Tax Smart Innovation. Finally, we officially launched our proprietary tax-smart investing software platform, or TSI, which helps advisors systematically capture tax-alpha for clients. In a world where investors give up one to two percentage points of performance each year due to taxes, the potential of this software is incredible. We began beta testing in 2018, officially launched in June to very strong demand, and we ended 2019 with about 900 advisors on the platform, which was nearly double our goal of 500. We now have our first three TSI modules in the market with advisors:
Tax-Loss Harvester™ – quickly identifies securities with unrealized losses for potential harvesting opportunities, potentially helping to turn losses into a client’s tax advantage.
Capital Gains Analyzer™ quickly collects, organizes and calculates available mutual fund capital gain distribution estimates as well as their potential tax impact before year end. This efficiency further enables our financial professionals to focus on planning and tax-optimized decisions as opposed to data gathering.
Social Security Plannershows a client a comprehensive analysis of their Social Security benefit claiming options, enabling them to make an informed decision that supports their retirement goals.

With these three modules, we have now commercialized what could truly be considered disruptive technology that will help further fuel our growth. We are creating a far more useful set of capabilities than are currently available anywhere else in the marketplace, differentiating our advisors and giving them an incredible edge in driving incremental value for clients.

While we had a number of positives in 2019, there are also areas where we could have performed better. While we were able to capture cost synergies related to the acquisition, we still have work to do on harmonizing processes and technology. We also fell a bit short in terms of service to our advisors as we worked through the integration. Our advisors have trust-based relationships with their clients and we have a trust-based relationship with them. We need to truly delight our advisors with service quality, and enable them with technology so that they can not only give their clients a world-class service experience, but also enable them to grow their practices. I’ll touch more on this a bit later in my letter.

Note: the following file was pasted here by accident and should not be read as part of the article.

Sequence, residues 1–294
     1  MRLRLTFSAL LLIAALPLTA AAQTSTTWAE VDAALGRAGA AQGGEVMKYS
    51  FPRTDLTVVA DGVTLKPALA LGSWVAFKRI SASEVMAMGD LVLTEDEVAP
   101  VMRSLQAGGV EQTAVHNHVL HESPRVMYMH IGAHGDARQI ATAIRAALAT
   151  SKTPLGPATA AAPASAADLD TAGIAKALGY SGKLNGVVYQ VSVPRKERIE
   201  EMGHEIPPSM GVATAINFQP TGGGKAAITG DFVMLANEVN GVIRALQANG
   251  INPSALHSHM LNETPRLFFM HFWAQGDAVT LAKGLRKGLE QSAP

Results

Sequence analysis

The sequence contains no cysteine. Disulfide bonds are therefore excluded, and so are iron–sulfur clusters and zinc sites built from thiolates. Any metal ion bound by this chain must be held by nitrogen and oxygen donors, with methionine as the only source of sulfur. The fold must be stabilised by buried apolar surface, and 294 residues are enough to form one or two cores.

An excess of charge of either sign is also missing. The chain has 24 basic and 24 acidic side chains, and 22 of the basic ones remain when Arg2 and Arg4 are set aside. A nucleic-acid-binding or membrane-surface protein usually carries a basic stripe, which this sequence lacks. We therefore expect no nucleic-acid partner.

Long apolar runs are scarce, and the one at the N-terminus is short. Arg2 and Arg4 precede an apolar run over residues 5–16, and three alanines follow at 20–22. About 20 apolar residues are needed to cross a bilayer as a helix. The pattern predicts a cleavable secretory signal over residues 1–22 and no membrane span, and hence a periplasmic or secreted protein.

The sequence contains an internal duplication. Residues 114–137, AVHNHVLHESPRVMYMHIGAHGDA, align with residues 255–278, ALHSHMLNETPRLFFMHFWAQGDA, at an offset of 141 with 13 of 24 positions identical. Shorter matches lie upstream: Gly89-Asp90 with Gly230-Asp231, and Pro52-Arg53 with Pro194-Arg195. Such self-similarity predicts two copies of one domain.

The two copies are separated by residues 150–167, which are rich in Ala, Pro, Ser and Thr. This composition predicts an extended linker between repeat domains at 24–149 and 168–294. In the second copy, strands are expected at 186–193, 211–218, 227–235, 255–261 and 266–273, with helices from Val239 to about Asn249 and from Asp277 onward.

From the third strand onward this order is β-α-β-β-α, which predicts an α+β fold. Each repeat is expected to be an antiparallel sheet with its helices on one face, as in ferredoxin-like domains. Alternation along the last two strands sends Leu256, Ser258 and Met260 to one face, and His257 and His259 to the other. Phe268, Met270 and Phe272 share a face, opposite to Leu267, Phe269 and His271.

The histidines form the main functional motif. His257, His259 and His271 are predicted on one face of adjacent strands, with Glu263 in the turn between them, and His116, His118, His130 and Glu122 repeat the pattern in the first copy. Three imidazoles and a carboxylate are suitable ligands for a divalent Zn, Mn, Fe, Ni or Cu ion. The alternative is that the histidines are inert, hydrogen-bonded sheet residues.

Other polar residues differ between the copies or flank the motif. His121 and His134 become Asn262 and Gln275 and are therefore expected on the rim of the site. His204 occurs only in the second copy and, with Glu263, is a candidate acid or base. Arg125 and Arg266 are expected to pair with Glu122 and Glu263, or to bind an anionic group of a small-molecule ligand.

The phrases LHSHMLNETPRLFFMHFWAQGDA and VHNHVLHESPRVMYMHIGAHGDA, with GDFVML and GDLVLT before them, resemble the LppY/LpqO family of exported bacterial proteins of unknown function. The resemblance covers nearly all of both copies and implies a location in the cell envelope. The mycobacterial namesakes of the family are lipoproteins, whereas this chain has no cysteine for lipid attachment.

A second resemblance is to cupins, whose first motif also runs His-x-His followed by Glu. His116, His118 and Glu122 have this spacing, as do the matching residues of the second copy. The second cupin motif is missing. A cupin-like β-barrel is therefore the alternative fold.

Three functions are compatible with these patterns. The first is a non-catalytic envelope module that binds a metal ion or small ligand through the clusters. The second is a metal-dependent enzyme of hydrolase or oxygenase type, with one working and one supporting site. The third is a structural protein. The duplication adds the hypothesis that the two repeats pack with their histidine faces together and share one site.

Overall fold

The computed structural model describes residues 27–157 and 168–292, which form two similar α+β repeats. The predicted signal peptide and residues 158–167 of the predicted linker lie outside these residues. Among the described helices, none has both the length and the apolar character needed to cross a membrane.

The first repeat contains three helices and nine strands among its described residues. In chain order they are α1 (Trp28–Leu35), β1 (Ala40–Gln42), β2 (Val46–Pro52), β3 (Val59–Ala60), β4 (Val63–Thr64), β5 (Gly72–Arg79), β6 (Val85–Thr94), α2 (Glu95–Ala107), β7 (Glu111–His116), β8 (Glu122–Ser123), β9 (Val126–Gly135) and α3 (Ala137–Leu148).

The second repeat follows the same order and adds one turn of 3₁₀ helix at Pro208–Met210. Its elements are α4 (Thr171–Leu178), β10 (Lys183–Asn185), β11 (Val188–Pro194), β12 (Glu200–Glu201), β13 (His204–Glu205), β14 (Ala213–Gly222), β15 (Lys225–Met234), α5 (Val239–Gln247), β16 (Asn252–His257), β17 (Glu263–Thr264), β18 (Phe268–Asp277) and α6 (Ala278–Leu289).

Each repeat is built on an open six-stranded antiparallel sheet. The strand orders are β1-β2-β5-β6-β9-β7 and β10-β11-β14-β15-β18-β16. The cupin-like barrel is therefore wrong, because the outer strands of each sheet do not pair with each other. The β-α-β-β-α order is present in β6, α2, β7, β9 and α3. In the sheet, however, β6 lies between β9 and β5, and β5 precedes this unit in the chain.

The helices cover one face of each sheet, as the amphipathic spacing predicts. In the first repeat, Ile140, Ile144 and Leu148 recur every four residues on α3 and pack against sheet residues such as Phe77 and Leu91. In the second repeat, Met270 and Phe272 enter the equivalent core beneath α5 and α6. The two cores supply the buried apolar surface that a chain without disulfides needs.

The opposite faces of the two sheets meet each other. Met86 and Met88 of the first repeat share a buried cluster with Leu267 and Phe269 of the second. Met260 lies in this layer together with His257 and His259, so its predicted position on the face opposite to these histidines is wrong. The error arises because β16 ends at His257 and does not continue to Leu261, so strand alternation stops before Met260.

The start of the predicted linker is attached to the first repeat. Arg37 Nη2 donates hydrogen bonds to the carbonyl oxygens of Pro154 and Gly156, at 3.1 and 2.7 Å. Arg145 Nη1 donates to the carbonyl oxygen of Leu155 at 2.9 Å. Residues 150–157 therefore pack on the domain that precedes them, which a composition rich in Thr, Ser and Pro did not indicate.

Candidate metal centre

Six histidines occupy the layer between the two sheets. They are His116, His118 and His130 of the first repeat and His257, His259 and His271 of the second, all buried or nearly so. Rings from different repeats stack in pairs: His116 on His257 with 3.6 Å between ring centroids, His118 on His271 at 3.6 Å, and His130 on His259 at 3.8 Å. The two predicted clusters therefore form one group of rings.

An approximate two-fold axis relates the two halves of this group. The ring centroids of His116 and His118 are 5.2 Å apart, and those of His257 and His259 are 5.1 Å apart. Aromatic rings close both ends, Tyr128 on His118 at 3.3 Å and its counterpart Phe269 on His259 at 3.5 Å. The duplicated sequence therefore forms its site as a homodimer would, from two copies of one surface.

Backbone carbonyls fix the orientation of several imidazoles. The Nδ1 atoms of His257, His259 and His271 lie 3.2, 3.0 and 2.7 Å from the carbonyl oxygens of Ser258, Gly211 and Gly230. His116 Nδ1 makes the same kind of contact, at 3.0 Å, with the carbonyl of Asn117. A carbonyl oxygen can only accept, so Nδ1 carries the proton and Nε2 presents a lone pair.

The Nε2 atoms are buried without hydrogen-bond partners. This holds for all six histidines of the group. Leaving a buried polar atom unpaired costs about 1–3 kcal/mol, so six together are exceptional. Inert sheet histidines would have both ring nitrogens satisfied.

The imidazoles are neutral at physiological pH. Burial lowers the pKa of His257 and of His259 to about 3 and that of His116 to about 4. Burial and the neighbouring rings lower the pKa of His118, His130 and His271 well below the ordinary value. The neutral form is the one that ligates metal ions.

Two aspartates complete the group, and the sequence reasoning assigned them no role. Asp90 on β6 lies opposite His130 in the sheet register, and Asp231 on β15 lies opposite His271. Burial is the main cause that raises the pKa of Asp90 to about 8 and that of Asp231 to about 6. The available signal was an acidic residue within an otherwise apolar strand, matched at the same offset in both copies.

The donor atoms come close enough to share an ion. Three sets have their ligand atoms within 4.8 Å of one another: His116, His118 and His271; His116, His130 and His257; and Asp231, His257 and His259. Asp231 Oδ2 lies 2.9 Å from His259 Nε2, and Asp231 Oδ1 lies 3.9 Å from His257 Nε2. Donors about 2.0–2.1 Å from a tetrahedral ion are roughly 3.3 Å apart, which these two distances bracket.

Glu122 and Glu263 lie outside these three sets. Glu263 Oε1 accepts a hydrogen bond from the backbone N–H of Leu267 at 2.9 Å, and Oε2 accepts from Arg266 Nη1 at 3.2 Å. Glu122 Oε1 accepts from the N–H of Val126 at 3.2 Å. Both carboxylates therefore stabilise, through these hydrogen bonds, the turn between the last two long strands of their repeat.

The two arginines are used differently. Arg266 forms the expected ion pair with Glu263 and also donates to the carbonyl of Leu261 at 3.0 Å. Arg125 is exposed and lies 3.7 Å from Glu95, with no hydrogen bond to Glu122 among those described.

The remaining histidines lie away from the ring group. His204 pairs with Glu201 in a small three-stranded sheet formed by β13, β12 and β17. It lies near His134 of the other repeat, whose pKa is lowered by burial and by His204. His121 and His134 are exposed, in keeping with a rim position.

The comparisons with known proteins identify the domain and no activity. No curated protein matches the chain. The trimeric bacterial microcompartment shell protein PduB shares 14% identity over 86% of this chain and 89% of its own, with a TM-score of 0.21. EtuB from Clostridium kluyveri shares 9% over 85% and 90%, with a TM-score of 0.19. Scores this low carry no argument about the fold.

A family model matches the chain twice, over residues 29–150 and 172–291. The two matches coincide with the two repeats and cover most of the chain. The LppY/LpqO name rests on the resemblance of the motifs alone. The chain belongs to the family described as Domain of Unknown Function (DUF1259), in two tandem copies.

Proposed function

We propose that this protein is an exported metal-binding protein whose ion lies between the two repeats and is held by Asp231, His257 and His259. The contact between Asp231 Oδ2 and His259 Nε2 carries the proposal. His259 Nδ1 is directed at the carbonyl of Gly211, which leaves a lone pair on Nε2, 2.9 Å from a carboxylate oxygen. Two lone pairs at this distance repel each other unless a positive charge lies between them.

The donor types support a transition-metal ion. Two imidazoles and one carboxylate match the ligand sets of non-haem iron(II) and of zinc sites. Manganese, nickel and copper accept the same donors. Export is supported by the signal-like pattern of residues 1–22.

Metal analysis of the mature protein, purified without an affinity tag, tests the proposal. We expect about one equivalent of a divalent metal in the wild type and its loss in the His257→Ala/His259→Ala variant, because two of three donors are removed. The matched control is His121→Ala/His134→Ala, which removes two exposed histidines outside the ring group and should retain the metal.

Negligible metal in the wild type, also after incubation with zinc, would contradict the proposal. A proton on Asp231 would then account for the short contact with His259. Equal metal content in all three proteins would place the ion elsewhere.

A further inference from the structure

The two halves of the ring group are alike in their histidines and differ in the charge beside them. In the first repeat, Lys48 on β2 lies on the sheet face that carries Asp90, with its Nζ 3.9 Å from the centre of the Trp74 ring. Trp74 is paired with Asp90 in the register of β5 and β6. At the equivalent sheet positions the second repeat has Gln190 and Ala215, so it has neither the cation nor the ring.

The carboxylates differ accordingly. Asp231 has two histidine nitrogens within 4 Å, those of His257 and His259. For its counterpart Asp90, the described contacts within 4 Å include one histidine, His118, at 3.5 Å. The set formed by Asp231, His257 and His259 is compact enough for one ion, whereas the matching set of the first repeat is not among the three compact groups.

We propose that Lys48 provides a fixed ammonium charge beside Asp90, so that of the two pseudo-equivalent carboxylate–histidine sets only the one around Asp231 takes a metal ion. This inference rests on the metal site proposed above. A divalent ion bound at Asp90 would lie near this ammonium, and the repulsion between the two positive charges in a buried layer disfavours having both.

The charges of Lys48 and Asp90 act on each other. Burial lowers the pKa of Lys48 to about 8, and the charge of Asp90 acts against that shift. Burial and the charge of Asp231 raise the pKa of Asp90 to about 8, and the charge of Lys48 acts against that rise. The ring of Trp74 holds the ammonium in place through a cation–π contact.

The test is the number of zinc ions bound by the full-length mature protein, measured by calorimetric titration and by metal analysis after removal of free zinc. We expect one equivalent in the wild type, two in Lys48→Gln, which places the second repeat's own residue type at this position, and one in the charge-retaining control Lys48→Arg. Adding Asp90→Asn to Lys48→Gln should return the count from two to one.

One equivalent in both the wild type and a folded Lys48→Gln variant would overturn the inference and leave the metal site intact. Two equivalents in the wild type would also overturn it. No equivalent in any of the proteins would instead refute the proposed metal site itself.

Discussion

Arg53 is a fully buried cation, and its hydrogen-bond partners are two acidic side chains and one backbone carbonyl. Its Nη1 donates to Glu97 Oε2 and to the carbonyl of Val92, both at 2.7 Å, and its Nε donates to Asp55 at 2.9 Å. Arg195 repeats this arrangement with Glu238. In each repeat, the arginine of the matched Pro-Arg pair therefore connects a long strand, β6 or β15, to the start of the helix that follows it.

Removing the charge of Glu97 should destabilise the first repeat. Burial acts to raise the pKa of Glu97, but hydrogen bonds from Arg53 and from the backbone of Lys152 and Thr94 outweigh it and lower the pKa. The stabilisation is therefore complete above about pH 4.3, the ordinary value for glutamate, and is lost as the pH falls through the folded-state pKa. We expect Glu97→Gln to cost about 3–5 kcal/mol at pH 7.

Summarizing the year for wealth management, we performed well in many areas and had a number of successes, while also having clear areas of opportunity. I’m pleased with our results and the hard work that everyone in this business put in was evident. Net flows have been good, the shift to advisory continues and we continued to put elements in place to drive future growth, including our next-generation tax-smart tools to maximize after-tax client returns.






Tax Preparation

In Tax preparation, we seek to provide simple, delightful (tax filing) experiences that unlock every tax advantage for our customers. We increasingly look to do this with a balanced growth profile across units and pricing, with competitive SKUs at a normalized, smaller discount to our largest competitor, and with a differentiated position in the marketplace.

In 2019, we reported a strong tax season in the early part of the calendar year (tax year 2018) and quickly got to work on product improvements for tax year 2019. A few of these highlights included:

Tax Year 2018 Performance. For tax year 2018, we made improvements to make the tax filing experience easier and more rewarding for customers. We introduced an upgraded mobile experience as well as innovations like 10-minute taxes-a streamlined process to guide certain filers with simple returns to complete their returns in just ten minutes or less. We also introduced refund marketplace which rewarded filers with a bonus amount on a gift card, when they allocated a portion of their refund to gift cards from an assortment of national retailers. And we updated our proprietary BluPrint analysis, which analyzes a tax return and uncovers real savings opportunities for our customers. Importantly, for the full year, TaxAct revenue grew 12%, achieving its 22nd consecutive year of revenue growth.
Preparing for Tax Year 2019. The moment one tax season ends we are hard at work preparing for the next. This off season the primary focus of the team has been the client experience. The team spent countless hours scouring every page and every word on the customer journey, making it much easier and more enjoyable while removing friction points for filers at every level of complexity. We believe this is reflected in a significantly improved customer experience for Tax Year 2019, which we believe will continue to drive increases in conversion in-season, with less leakage in the customer funnel, as well as better retention in subsequent seasons.